PERSEPHONE AND PLUTO. Perhaps the oldest, most immediately recognizable prototype for Christine and Erik is the myth of Persephone and Pluto. The blooming daughter of Demeter (goddess of the harvest) was unfortunate enough to draw the attention of the broody lord of the underworld, who promptly kidnapped her – dragging her under the earth to his subterranean kingdom. Outraged, Demeter launched the world’s first winter, which ravaged mankind until Pluto was convinced to share custody with the goddess: Persephone would be released for half the year (spring, summer), and return to her macabre husband for the remainder (autumn, winter) – hence the seasons. Another Greco-Roman model can be found in the story of Orpheus and Eurydice: in many ways Raoul – boyish, handsome, and passionate – resembles the poetic Orpheus, whose love for the dead Eurydice lead him to charge the gates of hell in an effort to recover her from the clutches of (yet again) Pluto.
DANTE, DEATH AND THE MAIDEN, AND FAIRY TALES. Dante’s “Inferno” – also influenced by the Orpheus myth – serves as the likely model for the relationship between Raoul and the Persian: like Dante and Virgil, the older man is not really among the living (the Persian leads a liminal life, haunting the opera just as much as Erik), and serves as a guide to the younger. Also like Dante and Virgil, the two plunge beneath the earth in pursuit of lost love, but are tripped up by the guide’s hubris before they are freed by divine intervention (angels in Dante’s case, Christine in Raoul’s).
The medieval artistic trope of “Death and the Maiden” (utilized in works such as G. A. Burger’s “Lenore” and Schubert’s eponymous quartet) is clearly recognizable in Erik’s death’s head and Christine’s virginal beauty, not to mention the very obvious parallels to “Bluebeard” (which Erik himself references), wherein a ghoulish man with a secret room filled with bodies marries a nosy coquette (gory hijinks ensue). The story is also immediately recognizable in the French fairy tale, “Beauty and the Beast,” wherein a virtuous girl’s love is capable of piercing through the bitter spirit of a lonely eccentric, horribly deformed by an enchantment. “The Princess and the Frog” uses the trope of the spell-breaking kiss, as do a bevy of European fairy tales.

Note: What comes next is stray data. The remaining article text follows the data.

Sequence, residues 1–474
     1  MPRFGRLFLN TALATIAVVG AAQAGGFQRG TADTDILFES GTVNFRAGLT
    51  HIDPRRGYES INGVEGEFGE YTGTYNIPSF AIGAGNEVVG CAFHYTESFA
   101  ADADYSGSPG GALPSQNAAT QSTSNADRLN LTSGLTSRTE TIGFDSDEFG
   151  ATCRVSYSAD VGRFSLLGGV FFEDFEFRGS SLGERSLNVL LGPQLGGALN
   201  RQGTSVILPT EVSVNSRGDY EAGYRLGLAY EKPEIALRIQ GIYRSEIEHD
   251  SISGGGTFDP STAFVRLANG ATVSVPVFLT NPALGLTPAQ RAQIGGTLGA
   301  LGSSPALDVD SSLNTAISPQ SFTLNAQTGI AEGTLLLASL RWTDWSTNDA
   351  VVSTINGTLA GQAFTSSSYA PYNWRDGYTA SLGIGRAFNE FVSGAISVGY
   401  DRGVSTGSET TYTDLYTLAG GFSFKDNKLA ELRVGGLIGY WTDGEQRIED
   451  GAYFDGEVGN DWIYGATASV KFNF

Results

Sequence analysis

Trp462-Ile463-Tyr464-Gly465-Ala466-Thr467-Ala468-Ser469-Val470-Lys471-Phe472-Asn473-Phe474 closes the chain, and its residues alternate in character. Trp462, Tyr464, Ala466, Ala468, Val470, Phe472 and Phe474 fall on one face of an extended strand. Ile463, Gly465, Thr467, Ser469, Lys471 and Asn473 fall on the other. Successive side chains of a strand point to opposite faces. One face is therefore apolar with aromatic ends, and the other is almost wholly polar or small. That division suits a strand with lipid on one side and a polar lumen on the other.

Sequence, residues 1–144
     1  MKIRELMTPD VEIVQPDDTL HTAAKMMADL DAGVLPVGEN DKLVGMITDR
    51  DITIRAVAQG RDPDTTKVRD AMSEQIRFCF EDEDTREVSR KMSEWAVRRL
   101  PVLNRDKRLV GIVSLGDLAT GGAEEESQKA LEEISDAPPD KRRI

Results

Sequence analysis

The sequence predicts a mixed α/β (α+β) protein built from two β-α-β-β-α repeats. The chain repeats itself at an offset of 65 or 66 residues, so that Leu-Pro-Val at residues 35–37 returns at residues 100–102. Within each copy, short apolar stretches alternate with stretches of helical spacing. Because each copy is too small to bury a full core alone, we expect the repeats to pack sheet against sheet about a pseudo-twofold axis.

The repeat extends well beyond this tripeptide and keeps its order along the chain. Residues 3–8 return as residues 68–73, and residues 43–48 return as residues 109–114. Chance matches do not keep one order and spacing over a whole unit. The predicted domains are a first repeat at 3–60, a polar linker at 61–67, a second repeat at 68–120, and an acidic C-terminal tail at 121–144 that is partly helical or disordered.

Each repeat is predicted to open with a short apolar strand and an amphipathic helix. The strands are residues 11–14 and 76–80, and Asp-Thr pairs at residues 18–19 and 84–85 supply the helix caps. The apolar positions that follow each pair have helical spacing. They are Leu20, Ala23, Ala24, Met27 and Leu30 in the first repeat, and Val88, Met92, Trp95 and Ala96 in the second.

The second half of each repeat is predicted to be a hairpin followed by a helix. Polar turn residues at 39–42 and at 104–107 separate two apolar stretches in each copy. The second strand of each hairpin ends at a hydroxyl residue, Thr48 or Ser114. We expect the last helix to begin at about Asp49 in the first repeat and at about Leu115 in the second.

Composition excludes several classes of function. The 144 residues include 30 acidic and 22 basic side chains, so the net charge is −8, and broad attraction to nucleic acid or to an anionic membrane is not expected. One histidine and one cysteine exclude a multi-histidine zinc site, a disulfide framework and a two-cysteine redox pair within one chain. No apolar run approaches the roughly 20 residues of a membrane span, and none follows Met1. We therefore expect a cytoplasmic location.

THE ENGLISH GOTHIC NOVEL. The modern era furnished Leroux with plenty of models, also. The Gothic novels popularized in England were rife with abductions of virginal ingénues, grotesque hermits with equal quantities of shrewdness and lust, helpless male heroes tossed about by their own passions (and desperate to save their beloved from the machinations of her vulgar kidnapper), and wise, eccentric (and often exotic) guides who teach the hero to channel their passions. They are also almost all dominated by architecture and edifices: English Gothic novels almost always were set in and around a grandiose, stone building (manors, castles, abbeys, monasteries, prisons, forts, churches) not unlike the Palais Garnier. Novels like “The Monk,” “The Mysteries of Udoplho,” “The Castle of Otranto,” and “Uncle Silas” were likely inspirations to Leroux.
THE NOVELS OF VICTOR HUGO. Perhaps his three biggest influences were a trio of late Victorian novels written about tragic romances, hidden motives, and secret identities. Victor Hugo’s “The Man Who Laughs” tells the story of Gwynplaine, an Englishman whose face has been gruesomely mutilated by a Glasgow smile – giving him the appearance of wearing a perpetual grin. Like Erik, Gwyplaine is made an outcast for his disfigurement, but comes to love a virtuous woman whom he hopes will humanize him with her acceptance. Gwynplaine has an easier row to hoe than Erik: his beloved is blind, and – without being able to see the savagery of his mutilation – supposes that her suitor must be a very happy man. Their story – in typical Hugo fashion – has a far grimmer ending than Leroux’s, however, with the girl being exiled in an act of careless corruption, and Gwynplaine committing suicide after watching her die in his arms.